the following biases are worth accounting for before i get into the review proper (which covers my response to both "sarah" and "the heart is de(long)
the following biases are worth accounting for before i get into the review proper (which covers my response to both "sarah" and "the heart is deceitful"):
1) i read "sarah" and "the heart is deceitful" well after the whole leroy unveiling (which i followed with intense interest, so i knew a lot of the details beforehand), and in the context of working on a paper that read leroy into a broader history of literary deceptions/hoaxes/imposters, so i definitely approached the books with a certain set of assumptions as a reader and as a critic. i'm also, as this review will make clear, infinitely more interested in the jt leroy/laura albert narrative than in the actual books.
2) back when leroy still ostensibly existed, i had no interest in reading the books for several reasons: a) a general sense of unease with the whole "graphic autobiographical accounts of child abuse" subgenre (which applies more to memoirs, but the extent to which the leroy books were, in spite of being fiction, held up as reflective of the author's life, positions the leroy books differently than, say, "bastard out of carolina," which made for a different reading experience, at least for me, and which is pretty key for my overall view of the books); b) i found the whole leroy persona and the frenzy of adoration considerably off-putting; c) i had heard from various friends and acquaintances that there was a lot of doubt about the origins of leroy and the books, which given both (a) and (b) made me even less inclined to read the books and play into the hero worship.
3) whatever the genesis of the leroy persona (and laura albert, the woman behind the books, has a habit of contradicting herself on this subject as well as on the question of her own biography), i do not believe albert's claims that the cult of personality that developed around leroy was not at all her doing. she may not have started out with the goal in mind of creating the phenomenon she did, but nor did she do anything to stop it and indeed embraced it passionately (the vanity fair article from 2003 is a case in point; a quick google search will point you to the full text on the leroy website. seriously, it's vanity fair. leroy's celebrity was clearly not displeasing to albert).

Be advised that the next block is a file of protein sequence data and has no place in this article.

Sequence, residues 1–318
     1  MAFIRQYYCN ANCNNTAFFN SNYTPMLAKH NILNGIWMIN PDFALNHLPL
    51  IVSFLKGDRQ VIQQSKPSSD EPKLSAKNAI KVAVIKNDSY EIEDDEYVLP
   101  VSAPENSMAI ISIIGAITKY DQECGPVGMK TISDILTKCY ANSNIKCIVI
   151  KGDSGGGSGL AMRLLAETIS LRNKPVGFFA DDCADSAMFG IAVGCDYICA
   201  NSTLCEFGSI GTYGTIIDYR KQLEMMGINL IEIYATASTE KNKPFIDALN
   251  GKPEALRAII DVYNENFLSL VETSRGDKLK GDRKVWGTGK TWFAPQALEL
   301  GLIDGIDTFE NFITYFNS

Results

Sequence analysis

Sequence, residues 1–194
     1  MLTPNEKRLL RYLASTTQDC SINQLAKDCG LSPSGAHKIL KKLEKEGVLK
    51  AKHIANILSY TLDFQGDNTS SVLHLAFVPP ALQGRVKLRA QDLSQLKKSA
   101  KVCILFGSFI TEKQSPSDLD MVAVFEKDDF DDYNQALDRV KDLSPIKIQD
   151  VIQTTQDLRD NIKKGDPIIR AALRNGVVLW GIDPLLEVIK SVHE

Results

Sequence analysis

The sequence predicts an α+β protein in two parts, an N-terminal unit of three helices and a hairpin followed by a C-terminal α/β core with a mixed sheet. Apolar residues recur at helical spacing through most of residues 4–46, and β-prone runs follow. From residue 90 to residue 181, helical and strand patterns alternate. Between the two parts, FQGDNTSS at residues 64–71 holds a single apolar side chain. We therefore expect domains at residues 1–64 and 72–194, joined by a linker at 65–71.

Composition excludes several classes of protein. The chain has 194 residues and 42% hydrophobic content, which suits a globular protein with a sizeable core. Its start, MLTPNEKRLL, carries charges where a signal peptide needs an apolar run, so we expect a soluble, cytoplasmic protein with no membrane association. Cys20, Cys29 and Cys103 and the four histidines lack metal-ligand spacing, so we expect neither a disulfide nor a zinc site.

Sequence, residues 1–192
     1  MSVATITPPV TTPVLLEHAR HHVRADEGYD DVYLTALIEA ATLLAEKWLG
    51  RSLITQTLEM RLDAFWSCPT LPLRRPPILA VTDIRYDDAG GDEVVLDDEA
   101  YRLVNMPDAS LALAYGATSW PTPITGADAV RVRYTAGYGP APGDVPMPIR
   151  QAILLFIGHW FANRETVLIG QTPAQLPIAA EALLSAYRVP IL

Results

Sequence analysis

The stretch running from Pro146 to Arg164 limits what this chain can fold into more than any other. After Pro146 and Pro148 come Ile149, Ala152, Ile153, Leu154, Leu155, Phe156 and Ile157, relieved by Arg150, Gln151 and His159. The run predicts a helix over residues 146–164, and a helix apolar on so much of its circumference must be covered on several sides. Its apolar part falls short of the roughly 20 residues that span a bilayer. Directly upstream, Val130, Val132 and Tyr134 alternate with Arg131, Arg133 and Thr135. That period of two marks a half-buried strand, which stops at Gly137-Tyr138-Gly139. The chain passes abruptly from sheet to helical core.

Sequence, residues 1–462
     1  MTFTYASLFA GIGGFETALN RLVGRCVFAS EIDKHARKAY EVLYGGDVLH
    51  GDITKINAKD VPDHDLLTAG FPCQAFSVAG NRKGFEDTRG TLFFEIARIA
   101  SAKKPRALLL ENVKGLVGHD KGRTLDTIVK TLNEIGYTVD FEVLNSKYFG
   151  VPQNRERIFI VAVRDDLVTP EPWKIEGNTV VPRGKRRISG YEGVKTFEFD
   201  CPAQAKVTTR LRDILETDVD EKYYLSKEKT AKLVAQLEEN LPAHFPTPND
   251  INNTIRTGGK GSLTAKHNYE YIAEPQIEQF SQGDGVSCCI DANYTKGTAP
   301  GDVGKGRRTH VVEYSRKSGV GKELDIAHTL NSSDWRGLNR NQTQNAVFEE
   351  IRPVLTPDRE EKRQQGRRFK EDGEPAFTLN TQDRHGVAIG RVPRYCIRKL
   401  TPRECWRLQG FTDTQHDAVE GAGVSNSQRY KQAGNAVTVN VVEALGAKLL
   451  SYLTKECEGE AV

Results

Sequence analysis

4) my opinion of laura albert's actions and subsequent self-defense is not particularly sympathetic. i think the ethics of appropriating the various identities she claimed for leroy (his AIDS status, his homelessness, his gender issues and the attendant oppressions and abuse, and on and on) are highly questionable at best; i have yet to encounter an argument, either by albert or anyone else, that has altered my fundamental feeling that what albert did was unethical on a basic level (even totally apart from her/leroy's interactions with various early supporters who have described behaviour on leroy's part that was, in retrospect, clearly manipulative, and now feel personally betrayed). it may be reaching to say that albert's actions deprived a person who actually is/was homeless/sixteen/trans/living with AIDS/etc or any combination thereof from publishing their own work, but i don't think it's a stretch to say albert's actions did operate under and serve to reinforce the idea that marginal/marginalized individuals and populations are incapable of speaking for themselves and must be spoken for. it's basically a theft of discursive or cultural space -- one more perspective advanced in the name of various groups of people but not actually originating from any of them.
all that said, the question still has to be answered: what's the big deal, really, about what albert did? by all accounts, leroy's earliest advocates, from writers to literary agents, were all enthralled with the work and, especially on the production side of things, were almost certainly salivating over the prospect of publishing a teenage wunderkind with a highly marketable biography. i by no means think that albert was or is some kind of devious mastermind deliberately perpetrating an evil fraud on scores of innocent readers, which would be way too simple and has the tidy effect of exculpating the people who were responsible for the publication and positioning of the books (i know several earlier editions of the books had blurbs on the cover emphasizing their autobiographical authenticity, which, again, probably comes back to the publishing machinery and not necessarily albert herself).